Summary of “The Reader”: This powerful book manages to address three fundamental themes: the written word, love and human relations, and it expounds on certain ethical issues, within a historical context (Second World War), through the story of a very unusual encounter.
By Bernhard Schlink, 1996, 242 pages.
Original German title: Der Vorleser
Note: this is a guest review written by Nathalie from the blog, Je comprends l’anglais! (“I understand English”)
Review and Summary of “The Reader”:
This is a review of Berhnard Schlink’s novel, The Reader. I chose to write the review of The Reader because, although it’s a novel, it can really be considered as a practical book. Indeed, through the themes addressed, it provides several keys relating to personal development that can be applied to the concrete problems of existence. These keys can be used concretely, in everyday life.
In order to review the book without revealing the plot, I will go into the main themes that are addressed throughout it by briefly mentioning the characters.
One of the fundamental themes of this novel is the written word, and its title is quite representative of this. In fact, the author, Bernhard Schlink, tells us straight away that reading is the keystone and that the book is the central element of the novel. The book… this small assembly of sheets brought together in a compact volume, however, it’s around the book that everything (or almost everything) is played out in the novel.
Although the encounter between the two main characters is fortuitous, the book coming into their relationship is not. Pretty soon, the book becomes an element that is intrinsically part of their relationship, and reading is a necessary step. This reading routine will be driven by the main female character, who is particularly fond of reading aloud.
Now, here are the main concepts that are covered.
Surprisingly, it is addressed very early on in The Reader, although it is far from being the most represented concept.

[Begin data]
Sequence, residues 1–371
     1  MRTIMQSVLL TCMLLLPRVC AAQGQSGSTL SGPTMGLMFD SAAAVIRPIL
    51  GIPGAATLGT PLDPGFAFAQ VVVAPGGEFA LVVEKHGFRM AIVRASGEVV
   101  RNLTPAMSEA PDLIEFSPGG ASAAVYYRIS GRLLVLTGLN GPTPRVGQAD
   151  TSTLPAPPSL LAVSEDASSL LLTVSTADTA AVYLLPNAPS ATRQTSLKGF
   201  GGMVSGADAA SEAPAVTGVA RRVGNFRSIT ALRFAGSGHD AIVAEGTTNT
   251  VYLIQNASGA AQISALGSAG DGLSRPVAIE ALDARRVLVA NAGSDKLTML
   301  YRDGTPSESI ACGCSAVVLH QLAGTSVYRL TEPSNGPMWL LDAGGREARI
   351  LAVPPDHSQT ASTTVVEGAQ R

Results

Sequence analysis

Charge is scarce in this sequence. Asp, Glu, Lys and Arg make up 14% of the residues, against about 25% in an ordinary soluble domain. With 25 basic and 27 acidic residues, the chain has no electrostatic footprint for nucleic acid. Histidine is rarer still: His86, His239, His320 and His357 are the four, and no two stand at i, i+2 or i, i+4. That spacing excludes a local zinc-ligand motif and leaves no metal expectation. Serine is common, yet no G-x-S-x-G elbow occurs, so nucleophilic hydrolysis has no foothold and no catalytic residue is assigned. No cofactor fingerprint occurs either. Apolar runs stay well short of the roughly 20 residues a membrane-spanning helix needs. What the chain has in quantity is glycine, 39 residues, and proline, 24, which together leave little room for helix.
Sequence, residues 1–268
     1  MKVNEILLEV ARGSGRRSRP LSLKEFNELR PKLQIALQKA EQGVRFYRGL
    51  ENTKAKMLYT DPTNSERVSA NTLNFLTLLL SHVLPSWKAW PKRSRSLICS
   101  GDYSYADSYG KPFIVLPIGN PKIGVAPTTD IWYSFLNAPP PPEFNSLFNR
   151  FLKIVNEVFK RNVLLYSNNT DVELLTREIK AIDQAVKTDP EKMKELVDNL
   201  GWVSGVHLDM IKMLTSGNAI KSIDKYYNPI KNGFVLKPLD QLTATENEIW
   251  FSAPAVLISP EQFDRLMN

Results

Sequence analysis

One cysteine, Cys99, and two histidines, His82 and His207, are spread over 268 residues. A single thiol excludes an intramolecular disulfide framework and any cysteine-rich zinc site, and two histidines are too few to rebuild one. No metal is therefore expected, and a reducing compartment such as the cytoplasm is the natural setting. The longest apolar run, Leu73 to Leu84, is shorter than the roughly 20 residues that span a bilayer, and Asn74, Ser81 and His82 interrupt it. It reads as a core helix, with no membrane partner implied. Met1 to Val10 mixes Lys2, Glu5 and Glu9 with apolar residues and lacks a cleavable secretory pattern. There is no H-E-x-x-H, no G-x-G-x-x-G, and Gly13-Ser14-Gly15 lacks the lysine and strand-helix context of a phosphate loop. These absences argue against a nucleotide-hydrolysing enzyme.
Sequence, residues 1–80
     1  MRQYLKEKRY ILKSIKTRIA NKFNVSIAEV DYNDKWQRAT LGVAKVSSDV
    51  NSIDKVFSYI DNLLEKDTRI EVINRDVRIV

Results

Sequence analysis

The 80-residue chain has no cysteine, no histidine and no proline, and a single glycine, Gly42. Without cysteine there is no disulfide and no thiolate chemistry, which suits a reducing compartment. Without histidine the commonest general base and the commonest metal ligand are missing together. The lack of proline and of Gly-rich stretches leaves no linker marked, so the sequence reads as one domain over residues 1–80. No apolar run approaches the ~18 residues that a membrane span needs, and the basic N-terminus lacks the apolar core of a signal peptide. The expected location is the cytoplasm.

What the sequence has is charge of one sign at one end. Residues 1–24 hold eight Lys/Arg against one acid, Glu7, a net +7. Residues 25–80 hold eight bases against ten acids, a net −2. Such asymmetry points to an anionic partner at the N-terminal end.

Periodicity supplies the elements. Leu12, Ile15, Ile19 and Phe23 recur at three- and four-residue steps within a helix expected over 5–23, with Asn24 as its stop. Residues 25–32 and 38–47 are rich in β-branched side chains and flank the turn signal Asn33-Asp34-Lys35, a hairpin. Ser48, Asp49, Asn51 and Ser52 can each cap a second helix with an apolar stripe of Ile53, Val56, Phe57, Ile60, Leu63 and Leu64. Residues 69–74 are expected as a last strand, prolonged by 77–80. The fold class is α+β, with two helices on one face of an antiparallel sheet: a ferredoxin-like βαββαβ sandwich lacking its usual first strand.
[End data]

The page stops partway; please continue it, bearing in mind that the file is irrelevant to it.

Bernhard Schlink presents the main male character of The Reader – Michael Berg – in two forms if I may say: as a teenager-high school student, and as an adult. At the beginning of the book, he operates in his personal environment, namely at home and at school; it turns out that he is bored.
Boredom is often an indicator that what we are doing or what we are being asked to do does not suit us and that there is an urgent need to remedy it. That said, it’s not necessarily because the activity is not interesting. Quite often, it’s enough to just find the right angle, the one that will bring us enthusiasm, which will give rise to motivation; quite often, it’s enough to just find the “why”, the one that will give us wings and allow us to reach our true potential.
Keeping with your values
One of the ways to get out of boredom is to find something that is in keeping with your values and to embark on a project that you care about. Remaining in a situation of profound boredom can be detrimental, both to yourself and those around you. This will eventually erode morale, reduce communication with others, and may even lead to depression. Indeed, living in profound boredom is like eating a tasteless dish every day and with every meal. It’s like seeing everything around you without any color, in black and white. Inevitably, this state will eventually, in turn, drive away the people around you.
Taking on a project in tune with yourself, something with which you are aligned, allows you to find or regain enthusiasm, energy and good spirits, which is infectious and will allow you to meet new people. And these encounters are doubly positive. Not only do you share what you care about with people having good energy and a thirst for learning, and hence develop your skills in that regard, but in addition you also learn a lot from these people. Thus, you create around you a positive and friendly microcosm of sharing.
Helping One Another
One day, in transit, he begins to feel sick. He then finds himself in the street, and it is obvious that he needs help. In our western society where everything goes fast and where we are often (if not always) in a hurry, we no longer pay too much attention to each other on the street or in transit. Because of this, we don’t necessarily see those who are in need. And when we do see them, we often have little time to stop and communicate with them so as to potentially help them out.